Here's a no brainer from Canadian Living (Oct. 1994)
Makes 8 servings
8 small red apples 8
2 cups granulated sugar 500 mL
1 cup water 250 mL
1/2 cup corn syrup 125 mL
1/4 tsp red food colouring 1 mL
1. Remove stem from each apple; insert wooden stir stick for holding in the centre of stem end. Set aside. Grease baking sheet; set aside.
2. In 12-cup (3 L) heavy-bottomed saucepan, combine sugar, water and corn syrup; cook, stirring, over medium-low heat for 8 minutes or until sugar has dissolved. Increase heat to medium-high and bring to boil, brushing down side of pan occasionally with brush dipped in hot water to prevent crystallization.
3. Boil, brushing down side occasionally but not stirring, for 15 to 25 minutes or until at soft-crack stage of 290ûF (143ûC) on candy thermometer, or until 1/2 tsp (2 mL) syrup dropped into cold water separates into hard but pliable threads.
4. Remove syrup from heat; very quickly stir in red food colouring. Immediately plunge bottom of pan into ice water and hold for about 15 seconds or until sizzling stops.
5. Holding each apple by wooden stick and tilting saucepan, swirl each apple in candy syrup until well coated all over.
6. Lift apple and quickly swirl over pan to allow excess to drip off. Place on prepared baking sheet; let stand at room temperature for at least 30 minutes or until hardened.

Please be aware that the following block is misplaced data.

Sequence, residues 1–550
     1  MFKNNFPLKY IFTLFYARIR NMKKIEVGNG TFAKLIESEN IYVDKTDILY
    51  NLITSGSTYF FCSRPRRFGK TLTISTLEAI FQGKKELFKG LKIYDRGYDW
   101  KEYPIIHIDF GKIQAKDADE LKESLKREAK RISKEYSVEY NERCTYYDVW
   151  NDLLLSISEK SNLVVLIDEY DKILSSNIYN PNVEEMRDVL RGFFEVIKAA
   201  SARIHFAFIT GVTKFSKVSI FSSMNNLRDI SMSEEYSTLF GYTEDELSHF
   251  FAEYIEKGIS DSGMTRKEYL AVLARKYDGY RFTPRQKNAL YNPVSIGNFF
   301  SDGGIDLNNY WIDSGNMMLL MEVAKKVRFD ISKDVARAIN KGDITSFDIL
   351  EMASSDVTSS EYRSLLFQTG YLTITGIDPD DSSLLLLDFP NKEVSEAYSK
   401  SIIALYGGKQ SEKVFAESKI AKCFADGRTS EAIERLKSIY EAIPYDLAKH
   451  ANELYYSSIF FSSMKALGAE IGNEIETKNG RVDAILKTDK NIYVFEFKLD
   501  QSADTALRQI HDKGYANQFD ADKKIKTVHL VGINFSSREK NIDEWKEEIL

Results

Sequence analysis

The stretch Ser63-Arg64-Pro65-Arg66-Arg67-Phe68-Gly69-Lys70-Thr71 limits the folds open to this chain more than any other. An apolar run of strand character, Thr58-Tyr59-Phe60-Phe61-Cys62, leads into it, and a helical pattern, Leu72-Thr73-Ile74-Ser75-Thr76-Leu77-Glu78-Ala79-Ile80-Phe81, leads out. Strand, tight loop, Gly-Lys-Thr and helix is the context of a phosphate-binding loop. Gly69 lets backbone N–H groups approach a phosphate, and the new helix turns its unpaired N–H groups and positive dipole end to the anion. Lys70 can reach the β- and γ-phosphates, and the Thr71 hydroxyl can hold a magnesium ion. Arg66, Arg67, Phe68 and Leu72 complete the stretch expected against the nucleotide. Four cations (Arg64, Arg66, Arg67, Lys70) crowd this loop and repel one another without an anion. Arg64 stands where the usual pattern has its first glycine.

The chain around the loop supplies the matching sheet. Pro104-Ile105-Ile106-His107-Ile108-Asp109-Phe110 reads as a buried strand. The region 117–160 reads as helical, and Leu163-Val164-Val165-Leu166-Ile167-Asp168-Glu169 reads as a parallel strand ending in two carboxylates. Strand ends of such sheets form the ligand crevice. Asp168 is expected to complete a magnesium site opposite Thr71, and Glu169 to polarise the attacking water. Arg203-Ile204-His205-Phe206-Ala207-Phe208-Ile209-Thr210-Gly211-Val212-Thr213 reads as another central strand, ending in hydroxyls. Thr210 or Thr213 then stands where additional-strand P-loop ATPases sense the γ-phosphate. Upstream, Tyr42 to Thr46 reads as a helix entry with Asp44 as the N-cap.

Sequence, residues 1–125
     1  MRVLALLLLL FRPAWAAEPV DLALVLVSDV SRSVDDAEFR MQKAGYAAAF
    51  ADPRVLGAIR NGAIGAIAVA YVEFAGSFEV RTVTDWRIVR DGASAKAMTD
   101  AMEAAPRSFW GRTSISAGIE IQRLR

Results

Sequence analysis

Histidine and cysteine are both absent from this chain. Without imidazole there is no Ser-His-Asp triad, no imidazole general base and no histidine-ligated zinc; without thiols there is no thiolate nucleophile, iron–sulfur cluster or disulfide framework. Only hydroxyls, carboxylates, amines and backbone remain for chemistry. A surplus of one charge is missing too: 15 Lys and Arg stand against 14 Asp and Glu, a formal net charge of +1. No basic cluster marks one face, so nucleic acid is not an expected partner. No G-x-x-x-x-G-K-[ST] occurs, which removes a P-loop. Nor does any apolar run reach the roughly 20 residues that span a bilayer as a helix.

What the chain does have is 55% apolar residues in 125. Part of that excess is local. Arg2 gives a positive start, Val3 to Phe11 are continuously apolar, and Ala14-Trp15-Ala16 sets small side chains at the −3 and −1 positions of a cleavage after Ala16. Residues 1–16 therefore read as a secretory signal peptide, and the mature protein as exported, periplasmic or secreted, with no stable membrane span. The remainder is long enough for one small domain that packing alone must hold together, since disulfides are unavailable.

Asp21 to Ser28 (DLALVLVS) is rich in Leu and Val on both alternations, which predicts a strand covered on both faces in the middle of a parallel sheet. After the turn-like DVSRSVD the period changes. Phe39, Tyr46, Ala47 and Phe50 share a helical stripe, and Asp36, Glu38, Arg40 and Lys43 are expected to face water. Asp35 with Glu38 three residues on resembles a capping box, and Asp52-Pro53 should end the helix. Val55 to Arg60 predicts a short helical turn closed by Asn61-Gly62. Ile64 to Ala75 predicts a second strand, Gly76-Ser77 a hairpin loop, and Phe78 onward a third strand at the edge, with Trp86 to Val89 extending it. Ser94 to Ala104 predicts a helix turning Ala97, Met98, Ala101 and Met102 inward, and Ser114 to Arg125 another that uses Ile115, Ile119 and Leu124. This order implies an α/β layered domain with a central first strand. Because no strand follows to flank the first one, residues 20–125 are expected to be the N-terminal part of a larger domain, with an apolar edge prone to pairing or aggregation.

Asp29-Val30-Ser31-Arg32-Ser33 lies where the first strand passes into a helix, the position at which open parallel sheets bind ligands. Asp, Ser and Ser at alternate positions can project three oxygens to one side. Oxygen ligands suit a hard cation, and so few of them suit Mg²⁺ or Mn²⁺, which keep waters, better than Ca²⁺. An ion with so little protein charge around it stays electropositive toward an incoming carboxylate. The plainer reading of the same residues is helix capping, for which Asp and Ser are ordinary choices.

Candied apples are a no brainer compared to caramel apples. You have to wait a bit and let the syrup cool down before dipping. I put the sugar syrup on a very low heat when needed to extend my working time and keep it liquid.
My Mom used to melt cinnamon red hots in her syrup. But a couple drops of cinnamon oil would be nice. Also if you own silpats, they are easier to set your apples on then a oiled pan (sometimes you get a suction with oil).
Thank you both for the help. I did caramel apples with my classes last year and it was a MESS! I am hoping to make the syrup for the Candied Apples ahead of time and merely re-heat and let them dip. Thanks again!
We're talking kids, right? If so, you should build a fence around yourself so fingers don't make their way into the HOT sugar.
I'm thinking isomalt if you're going to reheat, but have never used it for this. I can't think of any reasons not to, it's much more forgiving.